Close-up of a lock on a cell.

This gentleman is in for stealing three quilts, four blankets, four pairs of underwear, a coat and odds and ends. Actually, he is an out-of-state summer resident  who has volunteered here during the season and has learned the history of the place. He was a wealth of information. This is the "newer" wing of the prison built in the 1890's. The cells are 5'X7' and have two hammocks and two wooden stools. he night-soil bucket is the only other thing in the cell. Prisoners were not generally incarcerated that long - one two or four years. The guy who stole the household items got four years for it. Murderers sometimes got two years. Go figure.

Ball and chain. Incredible to think that the building was deteriorating before local citizens decided to save it. The exhibits are very well done and it is well worth a visit.

 The Ivinson House is now home to the Laramie Plains Museum. It was closed today. Time to get out of town and go and an eclipse!

North of Laramie looking southwest across the plains the Snowy Range. The feeling of openness is astounding out here and I found myself thinking of the Plains Indians all along the 148 miles to Casper.

 The Union Pacific follows the highway here and this is a very old historic route ac ross the plains.

This is the section dedicated to Jack Share because this is a fabulous roadside attraction!

To my absolute surprise, the road came upon and followed one of the most important and famous line of cliffs known as Como Bluff. The list of dinosaurs found at this locality is truly impressive (see it here). The story of the discovery of the site is no less interesting and this is where the famous "Dinosaur Wars" commenced between paleontologists Marsh and Cope in the 1880s. One was from from Yale University and the other from the Philadelphia Academy of Natural Sciences. This is where the famous dinosaur Brontosaurus was first discovered. Don't miss this link about the animal.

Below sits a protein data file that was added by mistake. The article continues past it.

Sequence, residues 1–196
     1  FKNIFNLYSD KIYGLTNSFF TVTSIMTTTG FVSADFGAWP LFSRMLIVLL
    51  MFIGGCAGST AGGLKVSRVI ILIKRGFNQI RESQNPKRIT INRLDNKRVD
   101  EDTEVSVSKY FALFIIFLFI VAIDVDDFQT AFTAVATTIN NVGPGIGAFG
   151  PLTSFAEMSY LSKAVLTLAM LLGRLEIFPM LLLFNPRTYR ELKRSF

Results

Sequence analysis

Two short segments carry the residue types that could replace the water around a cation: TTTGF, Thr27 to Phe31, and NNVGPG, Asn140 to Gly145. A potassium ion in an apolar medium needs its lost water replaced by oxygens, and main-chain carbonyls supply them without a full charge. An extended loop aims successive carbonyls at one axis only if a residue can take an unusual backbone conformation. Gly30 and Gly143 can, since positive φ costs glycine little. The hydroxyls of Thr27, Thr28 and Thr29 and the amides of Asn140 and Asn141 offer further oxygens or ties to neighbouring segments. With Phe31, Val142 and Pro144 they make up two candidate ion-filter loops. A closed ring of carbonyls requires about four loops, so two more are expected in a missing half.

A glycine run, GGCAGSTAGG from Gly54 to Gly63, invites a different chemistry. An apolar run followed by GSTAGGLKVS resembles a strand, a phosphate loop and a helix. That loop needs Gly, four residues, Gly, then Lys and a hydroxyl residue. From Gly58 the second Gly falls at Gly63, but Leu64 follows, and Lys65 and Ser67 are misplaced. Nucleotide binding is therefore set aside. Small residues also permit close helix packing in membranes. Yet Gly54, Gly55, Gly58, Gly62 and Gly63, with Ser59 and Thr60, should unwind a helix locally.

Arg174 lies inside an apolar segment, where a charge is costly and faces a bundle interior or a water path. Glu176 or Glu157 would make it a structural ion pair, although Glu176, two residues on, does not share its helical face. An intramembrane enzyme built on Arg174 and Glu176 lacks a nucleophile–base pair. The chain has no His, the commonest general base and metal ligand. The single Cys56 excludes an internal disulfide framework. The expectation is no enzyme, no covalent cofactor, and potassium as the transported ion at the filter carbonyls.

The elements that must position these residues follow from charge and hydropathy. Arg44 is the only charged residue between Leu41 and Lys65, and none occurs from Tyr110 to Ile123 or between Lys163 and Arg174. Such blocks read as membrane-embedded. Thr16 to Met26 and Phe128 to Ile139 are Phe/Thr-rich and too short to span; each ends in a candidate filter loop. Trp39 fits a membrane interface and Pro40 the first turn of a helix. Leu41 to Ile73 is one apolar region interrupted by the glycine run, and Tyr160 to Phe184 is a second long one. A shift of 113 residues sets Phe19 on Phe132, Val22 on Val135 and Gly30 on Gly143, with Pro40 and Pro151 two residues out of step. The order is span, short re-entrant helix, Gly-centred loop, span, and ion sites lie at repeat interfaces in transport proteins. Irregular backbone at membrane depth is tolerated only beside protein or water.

The bluff with the quarries is in the background. The fossil bones come from the dinosaur-rich Morrison Formation.

Here is the highway sign explaining the significance of the site and it is one of the best desc bribed public signs I have ever encountered.

At the site is a building known as the World's Oldest Building.

It is made of dinosaur bones quarried locally. The story of the cabin can be read here.

A section of the building with Como Bluff in the background. Lots of good stuff to photograph here Jack!

The roads (rail and auto) looking west toward the town of Medicine Bow.

A giant wind farm takes advantage of the Wyoming wind north of Medicine Bow. There was obvious eclipse traffic now, just 22 hours from the start of totality. Lots of Colorado plates (Denver and Front Range folks), with a smattering of New Mexico and Texas. Saw a few Arizona's too.

A steel cut-out of a cowboy patriot. In Laramie I saw a truck with a bumper sticker, "President Trump, Deal With It." It's a different place up here.

I was now within 30 miles of Casper and was worried that the paved highway coming in from the south might be backed-up. So I spotted a dirt road that went right over the top of Casper Mountain. It is an anticlinal mountain, squeezed during the Laramide orogeny between 70 and 40 million years ago. That is why the strata are tilted here to the south (view to the east). The rocks are likely the Triassic Chugwater Formation, an age-equivalent deposit to the Southwest's Moenkopi Formation.

It turns out that Casper Mountain is really close, if not right along, the center line. This is the line where the eclipse lasts the longest. The path of totality is about 70 miles wide but if you are at the edge of that, totality will last just seconds. The center line is where you want to be.

Looking down from the top of Casper Mountain at the line of cars lining up.

Let the craziness begin!

Downtown Casper. Thanks to the Starbucks here for letting me use their Wi-Fi. That's the last report until after totality. Off to find my spot before dark.